CV logs 41 firecracker-related incidents; 443 nationwide

CV logs 41 firecracker-related incidents; 443 nationwide
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CENTRAL Visayas recorded a total of 41 firecracker-related incidents from Dec. 21, 2023 to Jan. 1, 2024, with 19 of these incidents occurring on New Year’s Day.

The Department of Health (DOH) also confirmed the first recorded death due to firecrackers: a 38-year-old male from Ilocos Region, who was smoking during a drinking session near an area where the firecrackers were stored.

The DOH also logged one case of stray bullet injury (SBI) involving a 23-year-old male from the Davao Region. He suffered a gunshot wound in his upper left back.

A total of 443 firecracker-related injuries were recorded nationwide as of Jan. 2, according to the DOH.

Central Visayas

Of the 41 cases recorded in the region, Cebu Province reported the highest number at 21, followed by Cebu City with nine, and Bohol with four.

Mandaue City and Negros Oriental each recorded three injuries, while Lapu-Lapu City reported a single case.

In its advisory, the DOH 7 said the data were gathered from DOH sentinel and non-sentinel hospitals in Central Visayas.

DOH 7 information officer Clarissa Tuazon told SunStar Cebu on Tuesday that sentinel hospitals in the region are Vicente Sotto Memorial Medical Center in Cebu City and Gov. Celestino Gallares Memorial Medical Center in Bohol.

Last Dec. 28, Dr. Eugenia Mercedes Cañal, head of the Regional Epidemiology and Surveillance Unit of the DOH 7, said the primary cause of injury was the “lantaka,” a makeshift cannon usually made from polyvinyl chloride or PVC pipe or bamboo.

She said additional cases were caused by blasts from firecrackers, goodbye Philippines, whistle bombs, kwitis, power bombs, shotguns and triangle.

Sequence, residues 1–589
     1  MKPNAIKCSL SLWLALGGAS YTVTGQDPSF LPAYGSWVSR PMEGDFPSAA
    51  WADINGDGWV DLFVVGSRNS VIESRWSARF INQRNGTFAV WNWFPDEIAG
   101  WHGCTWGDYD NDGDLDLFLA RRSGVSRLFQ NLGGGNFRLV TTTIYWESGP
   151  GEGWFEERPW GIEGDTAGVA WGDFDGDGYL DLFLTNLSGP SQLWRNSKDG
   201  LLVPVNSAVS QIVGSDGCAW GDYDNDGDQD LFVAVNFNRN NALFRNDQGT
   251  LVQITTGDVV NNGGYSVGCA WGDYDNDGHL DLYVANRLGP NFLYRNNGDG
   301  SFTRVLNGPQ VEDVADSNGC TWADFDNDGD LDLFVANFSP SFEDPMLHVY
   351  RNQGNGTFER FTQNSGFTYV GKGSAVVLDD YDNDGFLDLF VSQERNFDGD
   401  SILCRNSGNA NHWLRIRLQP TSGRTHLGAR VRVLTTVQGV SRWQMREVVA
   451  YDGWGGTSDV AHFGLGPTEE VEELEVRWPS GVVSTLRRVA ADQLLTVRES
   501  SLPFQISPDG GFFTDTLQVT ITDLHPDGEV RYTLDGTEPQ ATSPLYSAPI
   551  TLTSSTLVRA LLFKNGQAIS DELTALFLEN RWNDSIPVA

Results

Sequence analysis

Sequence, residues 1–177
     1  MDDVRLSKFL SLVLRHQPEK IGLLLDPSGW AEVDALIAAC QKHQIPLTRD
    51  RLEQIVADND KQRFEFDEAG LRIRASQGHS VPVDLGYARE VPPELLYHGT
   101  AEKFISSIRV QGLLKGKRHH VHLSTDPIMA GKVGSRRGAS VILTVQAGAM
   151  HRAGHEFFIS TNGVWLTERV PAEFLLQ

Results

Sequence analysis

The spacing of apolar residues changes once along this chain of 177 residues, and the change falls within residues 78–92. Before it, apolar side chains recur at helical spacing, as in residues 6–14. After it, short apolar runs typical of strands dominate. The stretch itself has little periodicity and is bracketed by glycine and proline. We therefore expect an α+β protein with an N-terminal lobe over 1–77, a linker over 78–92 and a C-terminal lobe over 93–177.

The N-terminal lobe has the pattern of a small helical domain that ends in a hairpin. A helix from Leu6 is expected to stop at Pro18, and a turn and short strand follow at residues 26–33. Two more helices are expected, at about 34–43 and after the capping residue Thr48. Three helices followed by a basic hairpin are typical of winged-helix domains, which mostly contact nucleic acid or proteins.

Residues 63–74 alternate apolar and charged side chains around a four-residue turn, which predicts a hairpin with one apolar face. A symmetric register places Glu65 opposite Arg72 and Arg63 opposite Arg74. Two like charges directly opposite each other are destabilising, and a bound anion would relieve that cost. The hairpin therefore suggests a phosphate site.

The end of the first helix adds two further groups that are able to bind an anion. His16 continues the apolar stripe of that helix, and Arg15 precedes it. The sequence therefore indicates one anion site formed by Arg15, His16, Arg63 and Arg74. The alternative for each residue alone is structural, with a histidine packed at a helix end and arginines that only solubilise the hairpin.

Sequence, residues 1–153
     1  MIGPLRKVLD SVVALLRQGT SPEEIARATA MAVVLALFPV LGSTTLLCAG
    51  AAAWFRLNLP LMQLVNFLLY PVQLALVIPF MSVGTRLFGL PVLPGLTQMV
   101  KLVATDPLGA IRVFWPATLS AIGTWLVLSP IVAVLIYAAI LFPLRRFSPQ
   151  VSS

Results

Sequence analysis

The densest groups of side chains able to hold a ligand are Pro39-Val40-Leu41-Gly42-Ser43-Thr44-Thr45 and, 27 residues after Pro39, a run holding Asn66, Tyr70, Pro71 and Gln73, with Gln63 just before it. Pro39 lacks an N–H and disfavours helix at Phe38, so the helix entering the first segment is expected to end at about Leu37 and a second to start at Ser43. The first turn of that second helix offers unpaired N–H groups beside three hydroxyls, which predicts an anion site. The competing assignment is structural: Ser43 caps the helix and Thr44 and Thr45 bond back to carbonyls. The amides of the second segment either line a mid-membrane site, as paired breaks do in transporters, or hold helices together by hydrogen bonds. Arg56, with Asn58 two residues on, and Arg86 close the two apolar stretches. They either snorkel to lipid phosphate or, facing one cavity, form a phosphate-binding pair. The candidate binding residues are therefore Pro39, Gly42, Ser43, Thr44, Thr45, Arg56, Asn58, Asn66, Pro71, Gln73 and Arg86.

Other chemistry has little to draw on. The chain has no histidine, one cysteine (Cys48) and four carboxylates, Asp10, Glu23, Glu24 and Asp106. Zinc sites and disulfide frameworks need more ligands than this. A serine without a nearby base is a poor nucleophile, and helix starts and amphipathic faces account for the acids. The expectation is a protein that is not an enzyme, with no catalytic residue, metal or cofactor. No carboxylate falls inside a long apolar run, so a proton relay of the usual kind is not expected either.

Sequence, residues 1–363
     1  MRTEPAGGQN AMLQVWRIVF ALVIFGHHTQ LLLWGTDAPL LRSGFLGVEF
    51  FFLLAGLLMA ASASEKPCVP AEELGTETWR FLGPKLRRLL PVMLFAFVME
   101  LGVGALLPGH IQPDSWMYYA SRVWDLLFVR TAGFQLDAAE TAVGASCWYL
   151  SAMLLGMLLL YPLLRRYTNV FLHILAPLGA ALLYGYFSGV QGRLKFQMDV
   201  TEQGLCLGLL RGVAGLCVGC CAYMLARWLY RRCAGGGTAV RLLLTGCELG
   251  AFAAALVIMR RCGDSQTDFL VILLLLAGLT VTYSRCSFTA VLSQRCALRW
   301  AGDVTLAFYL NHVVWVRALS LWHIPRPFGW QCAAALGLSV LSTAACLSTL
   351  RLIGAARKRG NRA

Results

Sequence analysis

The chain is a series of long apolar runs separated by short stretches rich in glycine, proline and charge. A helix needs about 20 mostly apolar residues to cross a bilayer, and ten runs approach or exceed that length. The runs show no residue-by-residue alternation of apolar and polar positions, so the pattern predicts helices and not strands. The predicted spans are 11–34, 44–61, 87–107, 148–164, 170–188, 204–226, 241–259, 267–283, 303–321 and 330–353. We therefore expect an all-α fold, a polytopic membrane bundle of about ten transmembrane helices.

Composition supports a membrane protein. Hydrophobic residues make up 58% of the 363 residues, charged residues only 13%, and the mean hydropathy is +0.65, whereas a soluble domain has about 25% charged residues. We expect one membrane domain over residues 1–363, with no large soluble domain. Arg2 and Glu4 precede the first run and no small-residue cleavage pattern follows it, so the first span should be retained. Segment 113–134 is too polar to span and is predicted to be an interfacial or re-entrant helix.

In 2022, a total of 83 cases of firecracker-related injuries were reported by rural health units and city health offices in Central Visayas.

Cañal did not give a detailed breakdown of specific locations but indicated the order of provinces and cities within the region with the highest incidents. Cebu Province ranked first in the region, followed by Cebu City. Negros Oriental was third on the list, and Lapu-Lapu City followed suit.

Earlier this month, the Philippine National Police’s firearms and explosives office issued a list of banned fireworks to enhance safety and enjoyment during celebrations. Strict prohibitions include firecrackers surpassing the legal 0.3-gram gunpowder limit and those with faulty fuses.

Among the prohibited firecrackers are watusi, pop pop, five star, pla-pla, piccolo, giant bawang, goodbye bading, goodbye Philippines, atomic bomb, super lolo and hello Colombia.

It also includes Judas’ belt, giant, whistle bomb, atomic triangle, mother rocket, goodbye Delima, goodbye Napoles, coke-in-can, super Yolanda, pillbox star, kabasi and hamas.

Republic Act 7183 imposes a fine ranging from P20,000 to P30,000, imprisonment of six months to one year, license cancellation, business permit revocation, and inventory confiscation for manufacturing, selling, distributing, or using illegal fireworks.


According to the latest DOH advisory, of the total 443 firecracker-related cases, 212 were new cases with victims ranging from one to 71 years old, the majority of them male.

Of the new recorded ca­ses, almost half are due to legal firecrackers, based on the DOH data.


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